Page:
Descriptions of Christmas foods and celebrations in the Survey of English Dialects include many of the features of a ‘traditional’ Christmas still enjoyed by many people today. Informants in Yorkshire recalled eating goose at Christmas, and spiced cakes were enjoyed in other locations including yule loaf (Christmas cake) in Staffordshire and yule dough – currant bread made into the shape of a man – in County Durham.
Informants in Worcestershire remembered going from house to house carol singing or wassailing. In Yorkshire, memories were shared of singing God Rest Ye Merry Gentlemen while collecting from houses in wassail cups (Stokesley), and of Christmas boxes being given to carol-singing boys and girls (Rillington).
People from several counties including Yorkshire, Nottinghamshire and Somerset remembered mumming at Christmas time. Mumming involves troupes of amateur actors dressing up as characters and visiting houses or taking part in a play. The tradition goes back over a thousand years in England but is rare today. If you enjoy partaking in a bit of mumming at Christmas, do let us know!
Many of us enjoy chocolate eggs at Easter time, and some may still enjoy decorating and rolling eggs as many of the Survey’s informants did.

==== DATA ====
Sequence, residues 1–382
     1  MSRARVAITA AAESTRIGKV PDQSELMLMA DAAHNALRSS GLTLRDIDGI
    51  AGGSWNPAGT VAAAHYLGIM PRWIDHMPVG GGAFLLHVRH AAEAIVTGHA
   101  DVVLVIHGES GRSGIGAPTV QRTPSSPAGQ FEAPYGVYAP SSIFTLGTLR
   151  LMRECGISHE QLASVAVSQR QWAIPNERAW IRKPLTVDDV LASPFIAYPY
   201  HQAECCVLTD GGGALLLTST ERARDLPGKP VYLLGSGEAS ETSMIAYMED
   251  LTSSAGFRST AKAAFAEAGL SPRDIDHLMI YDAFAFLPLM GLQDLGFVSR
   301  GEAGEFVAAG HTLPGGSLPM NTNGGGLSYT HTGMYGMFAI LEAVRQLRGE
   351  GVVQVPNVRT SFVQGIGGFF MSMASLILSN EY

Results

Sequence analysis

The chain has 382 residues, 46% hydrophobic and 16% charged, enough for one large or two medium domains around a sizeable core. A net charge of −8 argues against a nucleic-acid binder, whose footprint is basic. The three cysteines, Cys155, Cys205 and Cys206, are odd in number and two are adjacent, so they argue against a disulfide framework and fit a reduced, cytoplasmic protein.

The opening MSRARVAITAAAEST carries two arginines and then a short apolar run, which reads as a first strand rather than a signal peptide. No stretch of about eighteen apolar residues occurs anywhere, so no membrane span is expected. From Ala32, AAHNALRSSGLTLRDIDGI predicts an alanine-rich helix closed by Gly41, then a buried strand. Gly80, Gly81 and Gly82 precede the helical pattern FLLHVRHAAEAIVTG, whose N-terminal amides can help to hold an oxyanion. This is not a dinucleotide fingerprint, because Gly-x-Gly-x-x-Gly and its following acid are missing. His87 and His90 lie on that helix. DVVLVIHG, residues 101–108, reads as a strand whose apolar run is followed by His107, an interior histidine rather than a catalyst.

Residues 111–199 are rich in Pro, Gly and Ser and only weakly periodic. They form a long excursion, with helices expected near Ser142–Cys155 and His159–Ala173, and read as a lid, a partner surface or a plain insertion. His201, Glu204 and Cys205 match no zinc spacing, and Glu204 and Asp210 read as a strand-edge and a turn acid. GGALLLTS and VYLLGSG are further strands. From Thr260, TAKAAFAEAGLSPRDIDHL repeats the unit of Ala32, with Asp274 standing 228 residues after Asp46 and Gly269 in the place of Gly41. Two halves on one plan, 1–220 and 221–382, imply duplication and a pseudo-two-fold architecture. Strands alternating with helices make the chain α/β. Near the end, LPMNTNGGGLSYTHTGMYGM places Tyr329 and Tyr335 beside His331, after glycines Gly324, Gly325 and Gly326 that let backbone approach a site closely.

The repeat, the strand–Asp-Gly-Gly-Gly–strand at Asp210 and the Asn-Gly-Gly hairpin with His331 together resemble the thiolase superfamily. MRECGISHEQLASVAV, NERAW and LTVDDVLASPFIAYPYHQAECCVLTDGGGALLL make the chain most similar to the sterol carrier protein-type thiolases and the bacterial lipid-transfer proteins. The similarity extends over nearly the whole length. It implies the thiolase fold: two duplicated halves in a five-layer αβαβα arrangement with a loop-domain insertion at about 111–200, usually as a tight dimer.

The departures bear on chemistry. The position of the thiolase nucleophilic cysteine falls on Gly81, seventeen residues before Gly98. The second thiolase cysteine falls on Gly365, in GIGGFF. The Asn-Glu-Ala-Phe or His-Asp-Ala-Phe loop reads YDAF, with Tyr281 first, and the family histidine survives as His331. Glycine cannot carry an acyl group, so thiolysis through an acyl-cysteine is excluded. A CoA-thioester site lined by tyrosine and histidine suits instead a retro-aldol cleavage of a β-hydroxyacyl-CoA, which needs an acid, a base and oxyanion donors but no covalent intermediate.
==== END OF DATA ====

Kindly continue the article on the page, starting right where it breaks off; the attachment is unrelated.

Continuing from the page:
In Northumberland, County Durham, North Yorkshire and Lancashire, eggs were dyed using gorse plants, while cochineal was used in Gloucestershire and Bedfordshire. Informants in Norfolk and Essex also remembered painted eggs. In the northern counties, these were described as pace eggs and popular Easter traditions included bowling or striking them against each other – known as jauping them in Durham and Northumberland. Chocolate eggs were also enjoyed in Ludham in Norfolk. Perhaps a little less appetising to the sweet-toothed among us are brustle peas: peas that are cooked until crisp. This special dish was served up on Carling Sunday (the Sunday after Easter) in Welwick, Yorkshire.
One informant from Derbyshire remembered a pace egg play staged on the theme of St George. Similarly, in Threlkeld in Cumbria a male recalled enjoying a traditional drama featuring the Easter Jolly Boys, Miser Brown Boys, Lord Nelson and Toss Pot.
In Kent, an informant remembered enjoying hot cross buns on Good Friday, which many people still do today. Other Good Friday traditions that are less popular these days include a fried egg-eating contest in Shropshire, and the belief in Ludham, Norfolk, that bread baked on Good Friday was an effective cure for diarrhoea! Rainwater collected on this auspicious day was said to cure backache.